Rotator Cuff and Other Tears

Common signs of rotator cuff injury include:

  • Swelling and pain in the front of the shoulder and side of the arm
  • Pain felt when raising or lowering the arm
  • A clicking sound when raising the arm
  • Stiffness
  • Pain that causes you to wake from sleep
  • Pain when reaching behind the back

What is the treatment?

  • Steroid injections, anti-inflammatory medication and physical therapy may all be useful in the treatment of rotator cuff tears. Even though most tears cannot heal on their own, good function can often be achieved without surgery.
  • If, however, you are active and use your arm for overhead work or sports or have pain, then surgery is usually recommended because many tears will not heal without surgery and may get larger with time. Surgery is generally recommended if you have persistent pain or weakness in your shoulder that does not improve after several months of non-surgical treatments.
  • Surgery is also generally recommended when the tear is large (more than 3cm) and often recommended when the tear is caused by a recent, acute injury or getting larger on serial scans.

What does surgery involve?

  • During a rotator cuff repair, the tendon is reattached to the tuberosity bone of the humerus from which it has been torn. This is done using suture anchors in minimally invasive, arthroscopic fashion.
  • Bone spurs can also be removed in a similar fashion to prevent further tendon injury. Being a completely arthroscopic surgery, rotator cuff repair surgery is now a more minor procedure than it used to be and is often done as a day surgical procedure.
  • The recovery however, still often requires a sling for 6 weeks to protect the repair until it heals.


Other Shoulder Tears

Labral Tears

A shoulder joint labral tear is an injury to the labrum of the shoulder, or to the fibrous ring surrounding the glenoid or socket of the shoulder. When the labrum (made of fibrous cartilage tissue) is torn, it can make the shoulder unstable and cause the shoulder to dislocate. Labral tears are often caused by:

  • Falling on an outstretched arm
  • Falling on a shoulder
  • Bracing with your outstretched arm in a car accident
  • Lifting heavy objects repeatedly or too suddenly
  • Doing a lot of overhead activities, such as throwing a baseball

There are several different types of labral tears:

  • A labral tear above the middle of the socket is called a SLAP Tear . Slap tears occur at the top of the shoulder (11 o’clock to 1 o’clock).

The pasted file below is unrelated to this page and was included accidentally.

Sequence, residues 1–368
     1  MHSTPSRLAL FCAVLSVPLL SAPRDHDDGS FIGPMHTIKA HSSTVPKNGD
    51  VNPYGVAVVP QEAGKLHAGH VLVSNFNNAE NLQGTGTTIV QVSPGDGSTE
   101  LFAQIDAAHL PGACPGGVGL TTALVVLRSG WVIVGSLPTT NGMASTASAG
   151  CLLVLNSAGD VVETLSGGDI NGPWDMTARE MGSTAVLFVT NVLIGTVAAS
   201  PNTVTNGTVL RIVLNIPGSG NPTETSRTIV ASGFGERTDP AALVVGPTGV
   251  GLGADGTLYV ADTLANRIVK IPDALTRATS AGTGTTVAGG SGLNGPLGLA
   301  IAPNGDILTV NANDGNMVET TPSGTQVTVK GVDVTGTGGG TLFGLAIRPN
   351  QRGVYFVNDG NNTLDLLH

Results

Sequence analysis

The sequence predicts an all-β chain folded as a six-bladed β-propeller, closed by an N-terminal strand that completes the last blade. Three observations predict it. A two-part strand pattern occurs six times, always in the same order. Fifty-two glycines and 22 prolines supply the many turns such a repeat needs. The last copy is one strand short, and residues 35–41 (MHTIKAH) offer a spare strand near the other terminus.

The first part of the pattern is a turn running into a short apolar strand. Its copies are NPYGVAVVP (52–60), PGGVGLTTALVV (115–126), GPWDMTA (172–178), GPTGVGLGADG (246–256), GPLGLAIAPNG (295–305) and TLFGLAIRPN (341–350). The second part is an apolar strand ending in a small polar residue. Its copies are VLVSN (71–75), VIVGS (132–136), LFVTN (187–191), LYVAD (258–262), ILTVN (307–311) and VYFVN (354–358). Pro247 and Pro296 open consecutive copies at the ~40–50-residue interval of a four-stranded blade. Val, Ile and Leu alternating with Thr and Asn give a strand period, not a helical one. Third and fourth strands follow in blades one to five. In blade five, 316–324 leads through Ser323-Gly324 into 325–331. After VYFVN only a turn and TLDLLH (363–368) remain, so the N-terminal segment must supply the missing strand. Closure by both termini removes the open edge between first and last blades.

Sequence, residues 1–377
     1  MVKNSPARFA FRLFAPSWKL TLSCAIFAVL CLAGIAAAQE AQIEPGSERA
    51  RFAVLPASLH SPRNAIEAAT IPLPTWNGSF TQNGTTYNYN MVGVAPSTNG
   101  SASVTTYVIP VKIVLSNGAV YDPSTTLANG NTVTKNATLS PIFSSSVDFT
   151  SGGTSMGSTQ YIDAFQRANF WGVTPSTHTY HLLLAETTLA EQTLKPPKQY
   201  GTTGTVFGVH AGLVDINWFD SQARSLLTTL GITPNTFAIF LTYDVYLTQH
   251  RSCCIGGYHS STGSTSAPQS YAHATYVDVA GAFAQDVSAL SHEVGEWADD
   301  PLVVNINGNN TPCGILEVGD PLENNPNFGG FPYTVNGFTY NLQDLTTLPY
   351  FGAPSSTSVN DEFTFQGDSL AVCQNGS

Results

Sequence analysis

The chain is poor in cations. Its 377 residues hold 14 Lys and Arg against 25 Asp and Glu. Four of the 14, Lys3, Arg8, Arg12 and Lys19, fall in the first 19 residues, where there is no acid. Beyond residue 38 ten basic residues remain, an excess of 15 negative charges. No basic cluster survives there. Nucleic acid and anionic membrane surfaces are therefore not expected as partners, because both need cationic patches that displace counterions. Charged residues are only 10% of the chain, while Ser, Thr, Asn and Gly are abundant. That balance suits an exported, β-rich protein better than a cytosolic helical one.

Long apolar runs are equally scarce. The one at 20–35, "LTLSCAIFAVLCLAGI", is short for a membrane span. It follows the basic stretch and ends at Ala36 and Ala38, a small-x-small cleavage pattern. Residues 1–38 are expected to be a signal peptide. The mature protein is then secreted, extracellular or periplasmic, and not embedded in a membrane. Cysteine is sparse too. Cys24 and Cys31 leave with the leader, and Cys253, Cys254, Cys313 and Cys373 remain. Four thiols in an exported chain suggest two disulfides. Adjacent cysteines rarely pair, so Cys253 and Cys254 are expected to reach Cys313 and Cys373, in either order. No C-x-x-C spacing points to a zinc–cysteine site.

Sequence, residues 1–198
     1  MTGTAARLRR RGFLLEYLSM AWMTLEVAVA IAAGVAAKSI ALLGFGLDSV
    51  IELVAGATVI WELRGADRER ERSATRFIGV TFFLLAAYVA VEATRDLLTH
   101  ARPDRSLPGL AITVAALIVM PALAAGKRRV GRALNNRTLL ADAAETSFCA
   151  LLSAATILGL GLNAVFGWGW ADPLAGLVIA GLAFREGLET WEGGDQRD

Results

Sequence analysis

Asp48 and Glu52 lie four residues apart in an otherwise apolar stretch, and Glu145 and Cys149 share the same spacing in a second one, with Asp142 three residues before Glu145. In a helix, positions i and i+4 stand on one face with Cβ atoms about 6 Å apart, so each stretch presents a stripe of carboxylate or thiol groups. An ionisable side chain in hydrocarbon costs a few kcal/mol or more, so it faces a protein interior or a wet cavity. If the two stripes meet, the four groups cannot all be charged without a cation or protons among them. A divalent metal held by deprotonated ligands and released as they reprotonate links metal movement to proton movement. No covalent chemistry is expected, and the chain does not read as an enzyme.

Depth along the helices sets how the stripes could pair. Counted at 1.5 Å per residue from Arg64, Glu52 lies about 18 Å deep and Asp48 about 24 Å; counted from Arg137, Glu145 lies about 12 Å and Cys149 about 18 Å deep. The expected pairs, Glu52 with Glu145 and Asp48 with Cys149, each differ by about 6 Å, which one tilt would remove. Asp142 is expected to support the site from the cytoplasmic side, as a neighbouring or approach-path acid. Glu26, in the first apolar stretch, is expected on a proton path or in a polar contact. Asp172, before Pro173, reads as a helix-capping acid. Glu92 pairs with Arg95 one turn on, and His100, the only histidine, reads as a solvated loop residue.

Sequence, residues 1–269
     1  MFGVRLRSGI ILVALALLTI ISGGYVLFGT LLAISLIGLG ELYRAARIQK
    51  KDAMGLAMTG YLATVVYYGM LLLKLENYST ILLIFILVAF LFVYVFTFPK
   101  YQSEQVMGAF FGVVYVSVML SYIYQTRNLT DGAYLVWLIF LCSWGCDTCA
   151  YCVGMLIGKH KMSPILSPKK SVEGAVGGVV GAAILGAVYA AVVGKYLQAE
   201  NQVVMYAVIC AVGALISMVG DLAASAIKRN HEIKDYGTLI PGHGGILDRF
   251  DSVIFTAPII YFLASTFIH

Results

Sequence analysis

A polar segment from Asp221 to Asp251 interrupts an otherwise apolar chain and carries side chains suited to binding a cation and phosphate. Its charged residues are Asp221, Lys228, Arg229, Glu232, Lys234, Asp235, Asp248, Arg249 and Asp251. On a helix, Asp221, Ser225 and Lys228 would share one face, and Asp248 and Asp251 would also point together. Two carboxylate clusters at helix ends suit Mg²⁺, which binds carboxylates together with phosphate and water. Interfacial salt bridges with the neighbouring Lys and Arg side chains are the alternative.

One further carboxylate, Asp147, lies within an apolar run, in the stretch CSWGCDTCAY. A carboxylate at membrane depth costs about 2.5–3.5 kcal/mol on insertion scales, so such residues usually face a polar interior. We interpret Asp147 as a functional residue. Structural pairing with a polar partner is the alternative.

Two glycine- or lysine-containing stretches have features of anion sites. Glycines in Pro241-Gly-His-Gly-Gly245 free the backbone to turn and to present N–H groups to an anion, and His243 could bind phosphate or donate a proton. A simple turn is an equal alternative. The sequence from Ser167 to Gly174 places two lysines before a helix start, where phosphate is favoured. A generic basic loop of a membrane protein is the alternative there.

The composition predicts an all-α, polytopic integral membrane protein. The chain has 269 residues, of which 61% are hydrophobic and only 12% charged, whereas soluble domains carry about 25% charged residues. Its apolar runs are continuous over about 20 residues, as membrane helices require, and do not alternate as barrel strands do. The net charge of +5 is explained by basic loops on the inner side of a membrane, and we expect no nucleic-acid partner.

• If the tear is at the front of the shoulder, it is called a Bankart Tear  (3 o’clock to 6 o’clock)
  • When the tear is at the back of the shoulder (6 o’clock to 11 o’clock it is known as a Reverse Bankart Tear
  • Sometimes tears occur in combination and these tears are called 270 degree tears.

What are the symptoms?

  • Pain with overhead movements like throwing a ball
  • Popping, clicking, or catching in the shoulder
  • Pain when you move your arm over your head or throw a ball
  • Weakness or instability in the shoulder
  • People often have a hard time describing or pinpointing where the pain is or describe it as an “aching” pain.

 What is the treatment?

  • Usually, a significant labral shoulder tear will need surgery for the best outcome and function. This is generally done via a minimally invasive procedure known as arthroscopy, which can be done as a day surgery. Physiotherapy will be required post surgery.

Biceps Tendon Tear at the Shoulder

What is it?

  • The biceps muscle has two tendons at the shoulder; a long head and a short head. At the distal end there is one tendon which crosses the elbow. The biceps muscles allow you to bend the elbow and pronate (rotate) the arm.
  • At the shoulder, the long head biceps tendon attaches to the top of the shoulder socket, and the short head biceps tendon attaches to the coracoid process.
  • Proximal biceps tendon tears can be partial or complete and most often associated with incomplete tears of the long head of biceps tendon.
  • A complete rupture will result in a “Popeye Deformity” where the bicep bunches up and bulges out like Popeye’s arms.


What are the symptoms?

  • Popping sounds at injury
  • Pain, tenderness and weakness at the shoulder or elbow
  • Trouble turning the palms face up or face down
  • Bruising
  • Bulging above the elbow
  • Sharp and sudden upper arm pain

 What is the treatment?

  • While you may be able to live with a Popeye deformity of a proximal biceps tendon tear, a distal biceps tendon tear needs prompt treatment as the distal biceps tendon can retract from the bone and cannot heal itself.
  • Permanent weakness can occur if the tendon is not repaired surgically and a deformed and high riding biceps muscle can cause you to lose more than half of your elbow strength.
  • For these reasons, surgical repair is most effective within first two weeks of symptoms. There is about a 3 month recovery post surgery.